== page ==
Tuesday, May 11, 2010


I had an interesting event at work today...

We have a new nurse who is orienting to our department. She is a beautiful woman both inside and out. She teaches 5th grade Sunday school, has two beautiful boys, is an amazing nurse.....

And she told me that she wishes she had the courage to pray in front of any doctor the way I do...

I was taken aback.

It's been a long time since I worried what others would think about me stopping to pray with a patient.

But I wasn't always so bold.

It kind of started gradually, and I think God had a progression of lessons to teach me about praying with patients, which then extended to family members, and has now reached the point that I will pray for anyone, at any time.

Before we start our procedures, I pray with my patients. If I'm called to a department to start an IV for certain tests, I offer prayer to help ease their minds as they await results. If I'm walking through the CT holding area, and I find a woman in a neck brace, on a back board, weeping and crying because she has to pee so bad she is miserable, I pray with her after I call her nurse in the ER and ask if she can get an order for a catheter to relieve this woman's pain...

The point is, I feel no fear offering prayer.

I have to say that this journey to boldness in prayer began with one defining moment.

Isn't that weird? Something as simple as making prayer with my patients as routine as starting an IV, has a defining moment...

We were still living in Arlington, TX. I had a two year old and a three year old at home at the time. A woman in my Bible study group decided she was being called by God to teach, specifically in the public school.

I remember the conversation so clearly. She was calling me to offer me hand-me-downs from her daughter (yes, indeed, I've always loved hand-me-downs). She was sharing her story with me about her desire to become a teacher, and she said to me, "I know you really don't understand this, because you just have a job."

I was confused by this statement. She then elaborated. "You know, you just go to work as a nurse to do a job. You don't feel called by God to be a nurse."


That was a pretty harsh statement, but I have to say this lady had never pulled any punches with anyone, so I guess she was just stating facts as she saw them.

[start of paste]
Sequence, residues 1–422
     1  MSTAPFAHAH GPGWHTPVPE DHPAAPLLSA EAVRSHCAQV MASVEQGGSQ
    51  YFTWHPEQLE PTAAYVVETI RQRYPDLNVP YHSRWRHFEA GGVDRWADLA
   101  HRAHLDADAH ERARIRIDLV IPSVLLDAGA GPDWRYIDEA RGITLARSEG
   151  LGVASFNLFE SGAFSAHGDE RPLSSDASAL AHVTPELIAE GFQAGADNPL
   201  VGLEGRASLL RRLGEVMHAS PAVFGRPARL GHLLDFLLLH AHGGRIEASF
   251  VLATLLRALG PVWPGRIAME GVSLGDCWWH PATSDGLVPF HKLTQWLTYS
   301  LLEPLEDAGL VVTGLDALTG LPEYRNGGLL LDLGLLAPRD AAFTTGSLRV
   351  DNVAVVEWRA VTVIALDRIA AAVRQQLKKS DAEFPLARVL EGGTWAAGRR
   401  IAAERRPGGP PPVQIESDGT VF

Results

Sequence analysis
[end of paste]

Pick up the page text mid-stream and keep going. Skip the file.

And that was truly a sad thing.

I was obviously not pursuing my career as a nurse with all of my heart, soul, mind and strength. I was obviously not doing all things in my job as I was doing it for the Lord. I was obviously not sharing the joy that I had received from my Savior at work.

She did not work with me. She had never even been in my hospital. However, her observations of my attitude towards work (I had trophy wife fantasies even then) had left her with the impression that I did not have a calling to be a nurse.

Therefore, I could never understand the passion she felt for becoming a teacher.


I can never remember a time when I didn't know I was going to pursue a career in health care. That being the case, and the ease with which I fell into the roll of nurse, I knew that I knew that I KNEW that God had called me to be a nurse.

I was simply failing to fulfill my calling.

Oh, I was going to work.

I was doing my job. I was doing it well.

But, I was not doing it with the mindset of being the hands and feet of Jesus.

That conversation transformed my patient care. It began with carrying note cards in my pocket with scriptures of encouragement. It turned into me saying a silent prayer as I bathed bedfast patients, and changed adult diapers...

This led to me hugging my patients, and their families. Kissing foreheads. Squeezing hands. Grabbing an extra blanket for their bed and folding it neatly within reach should they need it...

It slid into me becoming vigilant for opportunities to pray with anxious patients.

It led to joy.

Now I receive immeasurable blessing through my service of patients and families.

But, the boldness to offer a prayer to any person who walks through my door did not come over night. It has been a process six years in the making.

And it all began with a brutally honest conversation with a woman I only casually knew.

I'm so thankful God softened my heart to hear what He was saying to me through her.

In closing, I will share with you my life verse. I started carrying this verse after I had my youngest child, and I was working nights and days both, whatever I had to do to not put my kids in child care. I was living on coffee, and running on fumes, and I was struggling to show Christ to others at work.

Forget that.

I was struggling to do more than provide basic care to patients...

God gave me this verse, and I still carry it with me, and pull it out to remind myself how I am to be.

Philippians 2:14-16a
Do everything without complaining or arguing, so that you may become blameless and pure, children of God without fault in a crooked and depraved generation, in which you shine like stars in the universe as you hold out the word of life.

That's it. Don't argue. Don't complain.

Just hold out the word of LIFE.


Dawn said...


Anonymous said...

Love it Andi! Good for you!

marymary said...

That's so strong Andi, thanks for taking the time to write that! I'm going to share it with my friends!...and check to make sure I'm doing my job as unto the Lord!

Marilyn said...

What a wonderful testimony. You make me proud.

Freckled Hen said...

This is an amazing post. Thank you for sharing it.